If you study the documentation of these tools you’ll find that they do not support foreign keys very well. For instance OpenArk Kit, does not work when the table that is being modified has foreign keys defined on it. Percona handles things slightly better, but is also not sufficient. For instance the Percona documentation states the following about foreign keys:
Foreign keys complicate the tool’s operation and introduce additional risk. The technique of atomically renaming the original and new tables does not work when foreign keys refer to the table.
In order to deal with this situation, it offers the following options:
- rebuild_constraints, which basically means that the foreign keys are dropped and re-recreated (a process which itself can take very long and as you’ll see in the next blog post is also blocking).
- drop_swap, this method first disables foreign key checks for the entire database. This means that referential integrity is no longer enforced, and will allow the database to become inconsistent/invalid. Then the original table is dropped (a process which cannot be rolled back), and then the new table is renamed to the original table’s name effectively taking its place. At this point the foreign keys check can be re-enabled.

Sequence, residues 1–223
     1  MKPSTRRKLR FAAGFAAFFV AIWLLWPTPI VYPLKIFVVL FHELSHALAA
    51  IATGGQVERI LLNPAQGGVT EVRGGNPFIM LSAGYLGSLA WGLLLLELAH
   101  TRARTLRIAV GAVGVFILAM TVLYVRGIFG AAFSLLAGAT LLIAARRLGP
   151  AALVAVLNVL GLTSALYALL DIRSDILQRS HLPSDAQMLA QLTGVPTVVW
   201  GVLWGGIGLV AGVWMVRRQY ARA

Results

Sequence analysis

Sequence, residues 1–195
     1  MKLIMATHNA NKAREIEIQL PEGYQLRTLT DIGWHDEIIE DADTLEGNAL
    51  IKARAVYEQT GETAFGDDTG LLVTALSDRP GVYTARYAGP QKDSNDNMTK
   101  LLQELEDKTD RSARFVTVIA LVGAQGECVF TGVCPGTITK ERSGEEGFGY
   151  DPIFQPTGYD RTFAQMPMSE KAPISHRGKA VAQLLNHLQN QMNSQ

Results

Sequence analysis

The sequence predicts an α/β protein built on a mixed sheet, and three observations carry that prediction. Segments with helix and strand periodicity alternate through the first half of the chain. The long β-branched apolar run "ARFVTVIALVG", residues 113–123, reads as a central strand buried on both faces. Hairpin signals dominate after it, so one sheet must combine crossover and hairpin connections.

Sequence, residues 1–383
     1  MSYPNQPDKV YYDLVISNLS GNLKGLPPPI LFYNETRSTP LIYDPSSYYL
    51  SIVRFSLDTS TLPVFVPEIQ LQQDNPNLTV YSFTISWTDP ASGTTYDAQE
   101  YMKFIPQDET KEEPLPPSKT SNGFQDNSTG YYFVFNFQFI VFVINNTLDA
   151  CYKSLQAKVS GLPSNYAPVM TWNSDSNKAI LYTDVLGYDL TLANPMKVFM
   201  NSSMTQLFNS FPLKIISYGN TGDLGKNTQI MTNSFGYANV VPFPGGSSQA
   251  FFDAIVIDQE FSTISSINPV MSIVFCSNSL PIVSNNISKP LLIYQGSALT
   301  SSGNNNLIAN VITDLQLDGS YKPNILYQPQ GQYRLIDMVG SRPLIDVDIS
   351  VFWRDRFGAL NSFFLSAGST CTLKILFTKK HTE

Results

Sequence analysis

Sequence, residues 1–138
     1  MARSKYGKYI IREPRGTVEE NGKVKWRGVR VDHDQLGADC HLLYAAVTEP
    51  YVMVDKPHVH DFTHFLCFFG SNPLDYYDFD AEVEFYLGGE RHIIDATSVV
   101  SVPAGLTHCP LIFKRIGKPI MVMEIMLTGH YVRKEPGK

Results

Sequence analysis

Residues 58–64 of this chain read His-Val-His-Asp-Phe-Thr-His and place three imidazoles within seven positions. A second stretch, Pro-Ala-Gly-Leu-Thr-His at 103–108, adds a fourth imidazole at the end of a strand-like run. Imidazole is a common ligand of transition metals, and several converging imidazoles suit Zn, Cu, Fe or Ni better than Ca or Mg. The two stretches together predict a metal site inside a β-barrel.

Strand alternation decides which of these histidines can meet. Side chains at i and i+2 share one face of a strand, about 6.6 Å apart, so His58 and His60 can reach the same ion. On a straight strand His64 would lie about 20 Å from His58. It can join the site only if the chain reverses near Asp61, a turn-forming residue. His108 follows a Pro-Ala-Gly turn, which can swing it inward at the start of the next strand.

- none, which does the same as drop_swap but does not rename the new table to the original table’s name.
Facebook being Facebook, has created its own solution to this problem. Online Schema Change (OSC) is a tool for MySQL databases which does things slightly different. OSC creates an exact copy of the original table (both structure and data). In the mean time OSC captures all changes that happen to rows stored in the original table using triggers. These triggers store the modifications in a deltas table. Once the copy has been created OSC applies the operation on the ghost-table that was originally intented to be execute on the original table (for example adding a column). Since these operations often block this step may take a while. Once this operation has completed, OSC then starts replaying all the changes that happened to the original table from the deltas table onto the modified ghost-table. The final step is the “cut-over” step which atomically swaps the table names for both the original table and the ghost-table, when the deltas table has (almost) been exhausted.
However, as it turns out, OSC also does not support foreign keys. One of the limitations of OSC (see link above) is that there should no foreign keys present on the table to migrate.